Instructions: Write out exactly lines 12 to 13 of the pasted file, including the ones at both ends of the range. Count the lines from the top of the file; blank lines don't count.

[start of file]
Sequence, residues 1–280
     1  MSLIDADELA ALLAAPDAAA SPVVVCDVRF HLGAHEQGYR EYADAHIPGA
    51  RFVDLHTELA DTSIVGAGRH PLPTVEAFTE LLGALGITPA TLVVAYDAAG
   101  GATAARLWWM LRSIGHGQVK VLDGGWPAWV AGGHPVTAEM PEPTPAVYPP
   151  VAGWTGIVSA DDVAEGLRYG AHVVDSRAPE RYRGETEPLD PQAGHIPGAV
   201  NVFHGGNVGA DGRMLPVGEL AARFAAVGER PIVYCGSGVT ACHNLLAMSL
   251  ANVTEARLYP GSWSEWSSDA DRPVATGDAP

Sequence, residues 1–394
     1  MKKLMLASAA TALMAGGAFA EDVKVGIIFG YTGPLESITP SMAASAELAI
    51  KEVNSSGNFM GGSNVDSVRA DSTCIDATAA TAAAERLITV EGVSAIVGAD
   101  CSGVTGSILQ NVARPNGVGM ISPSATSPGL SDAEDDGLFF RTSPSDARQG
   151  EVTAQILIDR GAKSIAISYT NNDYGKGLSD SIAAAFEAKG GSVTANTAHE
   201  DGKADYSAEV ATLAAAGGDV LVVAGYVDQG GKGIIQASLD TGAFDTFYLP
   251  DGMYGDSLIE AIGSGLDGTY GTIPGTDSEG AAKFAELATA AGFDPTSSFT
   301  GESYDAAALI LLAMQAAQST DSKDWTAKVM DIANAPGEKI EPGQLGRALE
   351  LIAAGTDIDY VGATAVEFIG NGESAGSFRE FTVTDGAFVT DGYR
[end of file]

   151  EVTAQILIDR GAKSIAISYT NNDYGKGLSD SIAAAFEAKG GSVTANTAHE
   201  DGKADYSAEV ATLAAAGGDV LVVAGYVDQG GKGIIQASLD TGAFDTFYLP